Delaying mowing and leaving uncut refuges boosts orthopterans in extensively managed meadows: Evidence drawn from field-scale experimentation

Buri, Pierrick; Arlettaz, Raphaël; Humbert, Jean-Yves (2013). Delaying mowing and leaving uncut refuges boosts orthopterans in extensively managed meadows: Evidence drawn from field-scale experimentation. Agriculture, ecosystems & environment, 181, pp. 22-30. Elsevier 10.1016/j.agee.2013.09.003

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Semi-natural grasslands are widely recognized for their high ecological value. They often count among the most species-rich habitats, especially in traditional cultural landscapes. Maintaining and/or restoring them is a top priority, but nevertheless represents a real conservation challenge, especially regarding their invertebrate assemblages. The main goal of this study was to experimentally investigate the influence of four different mowing regimes on orthopteran communities and populations: (1) control meadow (C-meadow): mowing regime according to the Swiss regulations for extensively managed meadows declared as ecological compensation areas, i.e. first cut not before 15 June; (2) first cut not before 15 July (delayed treatment, D-meadow); (3) first cut not before 15 June and second cut not earlier than 8 weeks from the first cut (8W-meadow); (4) refuges left uncut on 10–20% of the meadow area (R-meadow). Data were collected two years after the introduction of these mowing treatments. Orthopteran densities from spring to early summer were five times higher in D-meadows, compared to C-meadows. In R-meadows, densities were, on average, twice as high as in C-meadows, while mean species richness was 23% higher in R-meadows than in C-meadows. Provided that farmers were given the appropriate financial incentives, the D- and R-meadow regimes could be relatively easy to implement within agri-environment schemes. Such meadows could deliver substantial benefits for functional biodiversity, including sustenance to many secondary consumers dependent on field invertebrates as staple food.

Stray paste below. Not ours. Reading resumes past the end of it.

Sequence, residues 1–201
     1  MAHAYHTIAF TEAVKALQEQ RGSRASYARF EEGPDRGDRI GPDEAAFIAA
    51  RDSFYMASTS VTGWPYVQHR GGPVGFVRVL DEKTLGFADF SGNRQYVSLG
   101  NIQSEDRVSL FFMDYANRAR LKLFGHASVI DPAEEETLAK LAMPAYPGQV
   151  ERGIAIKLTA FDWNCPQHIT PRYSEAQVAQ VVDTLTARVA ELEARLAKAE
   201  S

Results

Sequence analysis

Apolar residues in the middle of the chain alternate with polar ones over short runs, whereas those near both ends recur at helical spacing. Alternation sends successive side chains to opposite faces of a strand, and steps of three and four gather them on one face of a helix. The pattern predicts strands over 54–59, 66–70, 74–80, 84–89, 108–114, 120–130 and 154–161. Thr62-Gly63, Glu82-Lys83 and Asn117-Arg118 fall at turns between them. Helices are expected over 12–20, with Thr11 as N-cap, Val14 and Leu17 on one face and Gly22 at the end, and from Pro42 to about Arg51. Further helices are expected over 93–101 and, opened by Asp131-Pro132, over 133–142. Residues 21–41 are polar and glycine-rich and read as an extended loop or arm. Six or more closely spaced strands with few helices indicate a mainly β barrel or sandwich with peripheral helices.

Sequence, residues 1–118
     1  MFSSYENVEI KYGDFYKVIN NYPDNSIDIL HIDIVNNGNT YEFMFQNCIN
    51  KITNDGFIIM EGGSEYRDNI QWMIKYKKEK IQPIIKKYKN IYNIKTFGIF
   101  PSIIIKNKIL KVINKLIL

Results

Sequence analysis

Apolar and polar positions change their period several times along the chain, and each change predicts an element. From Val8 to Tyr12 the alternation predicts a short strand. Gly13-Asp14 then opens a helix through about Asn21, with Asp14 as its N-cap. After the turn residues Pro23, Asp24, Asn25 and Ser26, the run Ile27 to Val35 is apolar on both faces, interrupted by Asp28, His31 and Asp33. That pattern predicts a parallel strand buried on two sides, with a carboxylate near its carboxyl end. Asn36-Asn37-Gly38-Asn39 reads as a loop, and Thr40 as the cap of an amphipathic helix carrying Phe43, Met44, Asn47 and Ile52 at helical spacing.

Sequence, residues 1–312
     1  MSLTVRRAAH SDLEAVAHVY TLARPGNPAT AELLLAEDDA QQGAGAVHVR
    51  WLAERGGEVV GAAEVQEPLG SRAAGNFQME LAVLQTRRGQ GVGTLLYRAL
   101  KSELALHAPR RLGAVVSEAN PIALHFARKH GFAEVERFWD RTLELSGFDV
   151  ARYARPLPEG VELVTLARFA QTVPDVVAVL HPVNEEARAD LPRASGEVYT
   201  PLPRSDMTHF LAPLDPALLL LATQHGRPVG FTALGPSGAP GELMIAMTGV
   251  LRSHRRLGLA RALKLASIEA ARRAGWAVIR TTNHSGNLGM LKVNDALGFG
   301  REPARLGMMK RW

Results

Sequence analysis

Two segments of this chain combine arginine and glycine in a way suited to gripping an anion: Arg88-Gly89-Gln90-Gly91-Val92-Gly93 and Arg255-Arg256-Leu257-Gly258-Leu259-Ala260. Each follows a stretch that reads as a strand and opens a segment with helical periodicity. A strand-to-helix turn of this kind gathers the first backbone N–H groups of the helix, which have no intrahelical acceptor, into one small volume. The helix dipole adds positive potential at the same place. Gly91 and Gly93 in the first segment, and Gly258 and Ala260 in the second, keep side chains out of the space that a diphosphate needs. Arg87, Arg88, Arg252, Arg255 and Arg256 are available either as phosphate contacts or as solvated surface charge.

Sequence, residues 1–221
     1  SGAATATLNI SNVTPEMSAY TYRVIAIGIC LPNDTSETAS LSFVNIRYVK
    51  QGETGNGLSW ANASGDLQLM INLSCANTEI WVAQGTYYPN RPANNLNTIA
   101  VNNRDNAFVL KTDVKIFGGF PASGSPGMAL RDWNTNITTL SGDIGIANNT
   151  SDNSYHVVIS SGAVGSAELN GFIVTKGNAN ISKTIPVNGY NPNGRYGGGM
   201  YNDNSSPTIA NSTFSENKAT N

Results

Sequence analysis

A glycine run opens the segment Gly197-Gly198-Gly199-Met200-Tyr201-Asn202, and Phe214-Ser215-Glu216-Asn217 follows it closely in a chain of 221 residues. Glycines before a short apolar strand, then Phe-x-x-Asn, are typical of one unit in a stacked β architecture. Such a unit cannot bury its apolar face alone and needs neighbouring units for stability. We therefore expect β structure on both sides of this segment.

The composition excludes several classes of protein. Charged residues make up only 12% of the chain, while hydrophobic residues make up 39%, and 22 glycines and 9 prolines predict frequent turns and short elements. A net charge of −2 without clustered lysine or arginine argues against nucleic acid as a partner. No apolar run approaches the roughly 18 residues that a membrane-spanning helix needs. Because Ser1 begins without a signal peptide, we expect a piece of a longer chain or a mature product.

Item Type:

Journal Article (Original Article)

Division/Institute:

08 Faculty of Science > Department of Biology > Institute of Ecology and Evolution (IEE)
08 Faculty of Science > Department of Biology > Institute of Ecology and Evolution (IEE) > Conservation Biology

UniBE Contributor:

Buri, Pierrick; Arlettaz, Raphaël and Humbert, Jean-Yves

Subjects:

500 Science > 570 Life sciences; biology
300 Social sciences, sociology & anthropology > 330 Economics
500 Science > 590 Animals (Zoology)

ISSN:

0167-8809

Publisher:

Elsevier

Language:

English

Submitter:

Olivier Roth

Date Deposited:

28 Apr 2014 10:34

Last Modified:

08 Sep 2015 10:32

Publisher DOI:

10.1016/j.agee.2013.09.003

BORIS DOI:

10.7892/boris.43155

URI:

https://boris.unibe.ch/id/eprint/43155

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